Wednesday, April 21, 2010

De-leveraging the Shadow Banking System

What a difference an SEC accusation can make. The once out-of-reach Lincoln bill was approved by the Agricultural Committee 13-8 today, with marginal bi-partisanship. Lincoln's bill calls for the most sweeping overhaul of the financial system to date: the separation of derivative desks from the broader banking system.

Within modern megabanks, there exist the commercial side of activities (which focus on deposit-taking and lending) as well as the investment banking side of activities. Within the investment banks we typically split into traditional investment banking (debt and equity underwriting, mergers and acquisitions), capital markets and wealth management/advisory services.

In a manner of speaking, the Lincoln bill is a tamed-down version of Glass-Steagal. It focuses on separating portions of the capital markets group from the broader financial institution, rather than the entire investment bank. Derivatives are well-considered to be the instruments that create the difficulties associated with "inter-connectedness" and "systemic importance".

Recent regulatory proposals have focused on a combination of consumer protection measures as well as addressing Too Big to Fail. The proposals surrounding the latter have been as tame as requiring companies to create a disaster plan in the event that they collapse (a "living will") and as stringent as the above-stated Lincoln bill. Somewhere in-between is increased regulation (oversight) and further capital constraints (holding more money to protect against losses).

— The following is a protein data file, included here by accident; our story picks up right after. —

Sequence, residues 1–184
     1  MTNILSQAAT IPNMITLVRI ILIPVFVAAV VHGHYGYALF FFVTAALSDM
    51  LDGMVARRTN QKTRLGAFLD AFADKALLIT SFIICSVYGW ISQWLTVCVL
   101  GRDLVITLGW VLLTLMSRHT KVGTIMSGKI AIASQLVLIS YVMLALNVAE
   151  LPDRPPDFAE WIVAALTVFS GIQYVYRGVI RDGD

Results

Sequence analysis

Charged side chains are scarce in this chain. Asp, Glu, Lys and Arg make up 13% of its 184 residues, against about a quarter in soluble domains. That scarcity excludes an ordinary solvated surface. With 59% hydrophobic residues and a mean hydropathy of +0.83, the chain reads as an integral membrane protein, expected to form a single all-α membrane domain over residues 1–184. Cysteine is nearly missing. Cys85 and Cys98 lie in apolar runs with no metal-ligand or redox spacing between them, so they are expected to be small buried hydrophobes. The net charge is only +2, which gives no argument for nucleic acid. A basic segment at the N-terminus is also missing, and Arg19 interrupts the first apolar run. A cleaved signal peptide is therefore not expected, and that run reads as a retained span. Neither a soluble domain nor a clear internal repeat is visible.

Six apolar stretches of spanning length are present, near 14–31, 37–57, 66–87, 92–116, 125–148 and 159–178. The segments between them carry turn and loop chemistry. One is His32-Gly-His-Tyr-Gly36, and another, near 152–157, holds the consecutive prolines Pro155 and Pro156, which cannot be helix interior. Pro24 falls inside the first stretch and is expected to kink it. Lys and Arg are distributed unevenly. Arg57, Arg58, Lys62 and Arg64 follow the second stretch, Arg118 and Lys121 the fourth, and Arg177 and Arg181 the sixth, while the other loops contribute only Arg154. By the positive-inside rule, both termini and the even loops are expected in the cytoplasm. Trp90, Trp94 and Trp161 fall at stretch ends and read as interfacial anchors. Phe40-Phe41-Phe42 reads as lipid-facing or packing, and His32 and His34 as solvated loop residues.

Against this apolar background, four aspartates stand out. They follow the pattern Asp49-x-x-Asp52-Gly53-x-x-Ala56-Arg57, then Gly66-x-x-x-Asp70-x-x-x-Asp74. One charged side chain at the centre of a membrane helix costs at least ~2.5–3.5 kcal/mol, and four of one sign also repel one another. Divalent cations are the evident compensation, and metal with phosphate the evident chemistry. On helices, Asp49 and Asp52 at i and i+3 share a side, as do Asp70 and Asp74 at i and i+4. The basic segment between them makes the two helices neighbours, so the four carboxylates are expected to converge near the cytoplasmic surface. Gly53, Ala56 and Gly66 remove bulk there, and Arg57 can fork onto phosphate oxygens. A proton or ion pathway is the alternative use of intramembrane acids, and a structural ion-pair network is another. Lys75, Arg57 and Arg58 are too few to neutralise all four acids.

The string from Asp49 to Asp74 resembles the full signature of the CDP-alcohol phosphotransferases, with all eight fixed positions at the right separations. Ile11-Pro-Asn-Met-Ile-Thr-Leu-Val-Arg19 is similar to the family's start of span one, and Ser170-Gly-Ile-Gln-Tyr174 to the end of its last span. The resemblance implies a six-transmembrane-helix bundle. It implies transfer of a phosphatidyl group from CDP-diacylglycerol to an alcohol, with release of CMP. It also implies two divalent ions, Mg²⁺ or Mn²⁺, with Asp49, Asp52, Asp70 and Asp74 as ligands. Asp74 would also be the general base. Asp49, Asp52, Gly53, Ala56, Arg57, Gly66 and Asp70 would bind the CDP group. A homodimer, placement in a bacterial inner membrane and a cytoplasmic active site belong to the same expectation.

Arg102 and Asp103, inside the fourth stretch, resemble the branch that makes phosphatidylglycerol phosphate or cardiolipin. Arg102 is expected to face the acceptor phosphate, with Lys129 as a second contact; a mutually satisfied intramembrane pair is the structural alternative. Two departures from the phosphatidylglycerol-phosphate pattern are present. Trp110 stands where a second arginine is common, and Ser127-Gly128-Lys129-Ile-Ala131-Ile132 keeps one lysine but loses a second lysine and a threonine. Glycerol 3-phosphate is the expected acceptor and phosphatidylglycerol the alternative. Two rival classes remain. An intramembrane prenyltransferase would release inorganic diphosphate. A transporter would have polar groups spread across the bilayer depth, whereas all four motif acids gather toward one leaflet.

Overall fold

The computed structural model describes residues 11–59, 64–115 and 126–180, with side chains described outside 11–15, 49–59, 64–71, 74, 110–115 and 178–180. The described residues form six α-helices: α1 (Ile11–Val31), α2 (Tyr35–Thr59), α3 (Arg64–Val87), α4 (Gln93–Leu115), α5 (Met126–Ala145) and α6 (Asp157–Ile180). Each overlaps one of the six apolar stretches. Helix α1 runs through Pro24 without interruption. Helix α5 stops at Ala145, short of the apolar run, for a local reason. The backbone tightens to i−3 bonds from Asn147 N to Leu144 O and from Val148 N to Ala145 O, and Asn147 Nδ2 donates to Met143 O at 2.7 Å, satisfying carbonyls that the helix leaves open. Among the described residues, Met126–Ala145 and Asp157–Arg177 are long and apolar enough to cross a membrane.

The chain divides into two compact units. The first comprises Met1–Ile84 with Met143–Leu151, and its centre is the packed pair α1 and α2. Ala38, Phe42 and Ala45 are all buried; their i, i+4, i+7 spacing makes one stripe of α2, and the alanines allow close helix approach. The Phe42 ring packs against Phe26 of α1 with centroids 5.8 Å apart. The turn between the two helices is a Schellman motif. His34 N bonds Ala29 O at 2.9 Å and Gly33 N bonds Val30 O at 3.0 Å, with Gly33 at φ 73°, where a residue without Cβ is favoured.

In effect, the large majority of these proposals serve to shrink the shadow banking system (leverage and loans outside the traditional bank realm). Most conservatively, increased capital requirements divert equity away from other investments and into banks (the impact of this would be small). Alternatively, swap desk spin-offs will require some new capital to be raised by the spun-off institutions. Furthermore, the cost of this capital will be higher (as it does not have a government guarantee, nor a form of funding as cheap as deposits). With the higher cost of capital comes a higher cost for leverage, and in all likelihood, a decrease in available leverage. This may be further exacerbated by declines in bridge financing (temporary financing for business or investment opportunities) and other non-traditional forms of lending.

Although it has become increasingly clear that re-regulation is necessary, there are always unintended consequences. I personally think that a decrease in leverage in the financial system would increase stability in the long run. The short-term impacts may be much more significant if executed improperly. It is no small secret that Bernanke views credit contraction as a major cause of the Great Depression. We will need to plan for our own short-term leverage-adjustment for the sake of increasing stability.

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